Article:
The new belt prohibited me from pulling conventional that good, so I started sumo, hence the form changing
The pains in my arm didn’t affect my deadlift at all, only my bench, as I physically lost strength when it was hurting, like dropping weight on my chest at 80% load.

I had cheap leather belt before, but I wore it out, the prongs wouldn’t stay in the holes anymore, hence the inzer 13mm level belt. I could do sumo, but not conventional, I never really knew why, and sort of forgot about it. When reviewing videos before belt, and after belt, I found that I am literally an inch or two higher on the start with new belt opposed to old, hence, less leverage / power. I just can’ get into position. That is why I started the grip and rip technique, I could get into position a little better, but it’s a crap shoot every-time I grab the bar, sometimes form is good, others I’m above the bar, etc.

My arm pain ended up being my body building bone, ya, wtf I know, but basically, my body had to build more bone for the stress it was receiving, makes sense as I had about a 100lb gain in my squat in a little over 3 months, then pretty stopped for a while so I could work on form / depth as I wasn’t consistently hitting depth before.

so, at this time, I feel if I get a smaller belt then I’ll be able to get into position better. The alternative is losing weight, which will also get me into position better. However, when I bought the belt, I was 30 pounds lighter, and It affected me then also, so I’m going get another belt for deadlifting, something thin that won’t affect my leverage.

I’ll try to post back after I get it and let you know how it all goes.

Also, I’m in IT and Quality as my profession, so I do a lot of root cause analysis, this is my root cause analysis as of now :slight_smile:


#9

The mechanism for low back pain at that position is likely anterior translation of the lower vertebrae on each other. In other words, the more horizontal your low back is, the more the individual bones are trying to be pulled forward, as if they were going to “slide off” of the one below.

This is even more likely in your case with your past history of injury. The discs are well equipped to deal with compression, but the “sliding” takes a lot of stabilization. With prior damage, it may get to a point where it is just overwhelmed. Therefore, the more upright you are, the less translation; it becomes more about compression.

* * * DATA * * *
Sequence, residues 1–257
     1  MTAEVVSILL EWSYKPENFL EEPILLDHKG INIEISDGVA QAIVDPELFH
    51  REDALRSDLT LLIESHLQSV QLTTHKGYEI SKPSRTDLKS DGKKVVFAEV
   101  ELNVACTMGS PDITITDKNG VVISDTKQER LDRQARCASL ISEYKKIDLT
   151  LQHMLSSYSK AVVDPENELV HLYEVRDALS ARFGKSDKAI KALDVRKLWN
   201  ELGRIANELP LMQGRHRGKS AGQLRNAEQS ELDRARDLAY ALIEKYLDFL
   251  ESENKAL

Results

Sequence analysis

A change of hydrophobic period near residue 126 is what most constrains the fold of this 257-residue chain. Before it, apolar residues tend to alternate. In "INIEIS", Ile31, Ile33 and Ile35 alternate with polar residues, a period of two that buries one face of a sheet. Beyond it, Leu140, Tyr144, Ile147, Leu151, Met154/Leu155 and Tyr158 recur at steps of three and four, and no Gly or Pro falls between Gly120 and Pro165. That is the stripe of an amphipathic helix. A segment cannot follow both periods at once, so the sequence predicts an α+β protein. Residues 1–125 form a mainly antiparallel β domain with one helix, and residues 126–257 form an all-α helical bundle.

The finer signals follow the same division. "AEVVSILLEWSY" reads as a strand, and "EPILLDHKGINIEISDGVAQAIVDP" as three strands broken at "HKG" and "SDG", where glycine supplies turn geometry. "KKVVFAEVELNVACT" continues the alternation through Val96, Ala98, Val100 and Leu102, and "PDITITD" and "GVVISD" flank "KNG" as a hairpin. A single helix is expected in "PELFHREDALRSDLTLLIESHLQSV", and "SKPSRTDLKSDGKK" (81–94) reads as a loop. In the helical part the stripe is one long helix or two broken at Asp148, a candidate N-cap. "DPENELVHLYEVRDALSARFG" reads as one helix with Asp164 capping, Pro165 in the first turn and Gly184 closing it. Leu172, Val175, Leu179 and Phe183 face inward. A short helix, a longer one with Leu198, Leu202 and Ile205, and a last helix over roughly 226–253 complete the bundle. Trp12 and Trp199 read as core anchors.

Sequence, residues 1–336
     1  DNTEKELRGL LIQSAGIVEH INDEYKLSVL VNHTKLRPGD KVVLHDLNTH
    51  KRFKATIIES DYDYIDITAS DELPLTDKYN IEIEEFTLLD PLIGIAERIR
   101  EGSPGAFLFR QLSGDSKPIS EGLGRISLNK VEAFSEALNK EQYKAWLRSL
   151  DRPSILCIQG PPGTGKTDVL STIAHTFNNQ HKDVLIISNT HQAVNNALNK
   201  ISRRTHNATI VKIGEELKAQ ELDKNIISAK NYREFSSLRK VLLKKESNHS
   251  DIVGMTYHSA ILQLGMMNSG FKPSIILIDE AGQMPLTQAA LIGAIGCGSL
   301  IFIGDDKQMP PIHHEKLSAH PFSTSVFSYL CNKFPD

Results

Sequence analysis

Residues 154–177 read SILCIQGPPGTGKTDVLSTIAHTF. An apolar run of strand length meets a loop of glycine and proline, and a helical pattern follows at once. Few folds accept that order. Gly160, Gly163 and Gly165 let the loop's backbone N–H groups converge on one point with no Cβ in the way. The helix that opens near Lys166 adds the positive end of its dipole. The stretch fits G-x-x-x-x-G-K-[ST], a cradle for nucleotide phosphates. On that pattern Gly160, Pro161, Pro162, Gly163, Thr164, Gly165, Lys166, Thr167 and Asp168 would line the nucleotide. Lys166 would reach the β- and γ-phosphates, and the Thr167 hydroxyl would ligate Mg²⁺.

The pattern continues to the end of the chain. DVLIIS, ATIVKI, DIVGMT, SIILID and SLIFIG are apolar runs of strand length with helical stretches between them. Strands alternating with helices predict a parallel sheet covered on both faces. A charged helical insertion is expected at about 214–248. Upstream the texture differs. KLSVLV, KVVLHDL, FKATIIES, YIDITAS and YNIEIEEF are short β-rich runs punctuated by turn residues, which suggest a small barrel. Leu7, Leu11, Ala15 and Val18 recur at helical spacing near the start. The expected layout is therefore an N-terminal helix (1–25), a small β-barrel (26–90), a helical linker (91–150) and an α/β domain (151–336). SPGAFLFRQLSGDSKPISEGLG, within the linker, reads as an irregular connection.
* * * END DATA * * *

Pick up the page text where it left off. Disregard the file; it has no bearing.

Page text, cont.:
A new belt that allows you a more upright starting position is certainly worth a try. I would also give serious consideration to sumo. That is a MUCH more upright stance and really limits anterior translation.


#10

[quote]Dr J wrote:
The mechanism for low back pain at that position is likely anterior translation of the lower vertebrae on each other. In other words, the more horizontal your low back is, the more the individual bones are trying to be pulled forward, as if they were going to “slide off” of the one below.

This is even more likely in your case with your past history of injury. The discs are well equipped to deal with compression, but the “sliding” takes a lot of stabilization. With prior damage, it may get to a point where it is just overwhelmed. Therefore, the more upright you are, the less translation; it becomes more about compression.

A new belt that allows you a more upright starting position is certainly worth a try. I would also give serious consideration to sumo. That is a MUCH more upright stance and really limits anterior translation.[/quote]

I pulled sumo for a bit, I don’t have that weird twinge, but I also don’t have near as much power, or so it seems / feels.

I will, however, play around with the sumo this next cycle once I get my new belt. It is always good to train both anyways.